Supreme Court Simulation Seminar
Last offered in 2010-2011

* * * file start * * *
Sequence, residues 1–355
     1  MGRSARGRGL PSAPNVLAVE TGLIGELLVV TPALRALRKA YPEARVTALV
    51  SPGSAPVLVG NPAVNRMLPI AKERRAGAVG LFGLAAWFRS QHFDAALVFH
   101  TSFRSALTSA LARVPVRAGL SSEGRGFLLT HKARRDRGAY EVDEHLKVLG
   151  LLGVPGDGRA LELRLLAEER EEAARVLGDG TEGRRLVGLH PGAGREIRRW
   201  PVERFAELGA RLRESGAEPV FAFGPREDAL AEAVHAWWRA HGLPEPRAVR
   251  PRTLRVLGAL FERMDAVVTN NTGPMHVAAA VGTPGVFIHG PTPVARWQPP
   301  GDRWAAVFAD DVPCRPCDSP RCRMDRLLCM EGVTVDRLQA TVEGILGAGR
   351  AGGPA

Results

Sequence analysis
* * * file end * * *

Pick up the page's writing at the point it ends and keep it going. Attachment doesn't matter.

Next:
This seminar provides students with the opportunity to analyze, argue, hear oral arguments and draft opinions in cases that are currently pending before the Supreme Court of the United States. The students in the seminar are divided into two courts. One of these courts sits five times and the other sits four times. During each sitting, the court hears arguments in a case currently pending before the Supreme Court. The cases chosen will provide a mix of constitutional and statutory issues, as well as a mix between criminal and civil cases. Each student is assigned the role of a particular Justice for the entire quarter. Each student¿s task while sitting on cases is to do his or her best to understand that particular justice, based on that justice¿s prior opinions and judicial philosophy. In this sense, the seminar is intended to help promote insight into the role of judicial personality and philosophy within the decisional process. The weekly seminars proceed as follows: In preparation for each week¿s session, all students (whether they are the two students arguing that week, the nine students judging that week, or the seven students observing that week) read the lower court¿s decisions, the briefs (the party briefs and selected amicus briefs) and the major precedents implicated. During the first portion of each week¿s session (approximately one hour), two of the students (who are members of the Court that is not sitting that week) present oral arguments to the nine ¿justices¿ sitting that week. The arguments will be based on the briefs that were actually filed in the case. During the second segment of each week¿s session (approximately 45 minutes), the ¿justices¿ who are sitting that week will ¿conference¿ the case while the other non-sitting students, students who argued, instructors and guests observe. Again, each student will be in the role of a particular justice. At the end of the ¿conference¿ the opinion-writing will be assigned to one ¿justice¿ in the majority and one ¿justice¿ in the dissent. During the final portion of each session (approximately one hour), the instructors, guests and students engage in a broad discussion of what they just observed. This may include analysis of the briefing, discussion about the oral argument, reflections on the ¿conference¿ and, more generally, a discussion about the case and its significance. After each class, the student assigned to draft the majority opinion will have two weeks to circulate a draft to the ¿Court.¿ The student writing the dissent will then have two weeks to circulate his or her opinion. The other sitting ¿justices¿ can join one of these opinions, request some changes as a condition of joining, or decide to write separately. Over the course of the quarter, then, each student argues one case, sits on four or five cases, and drafts at least one opinion.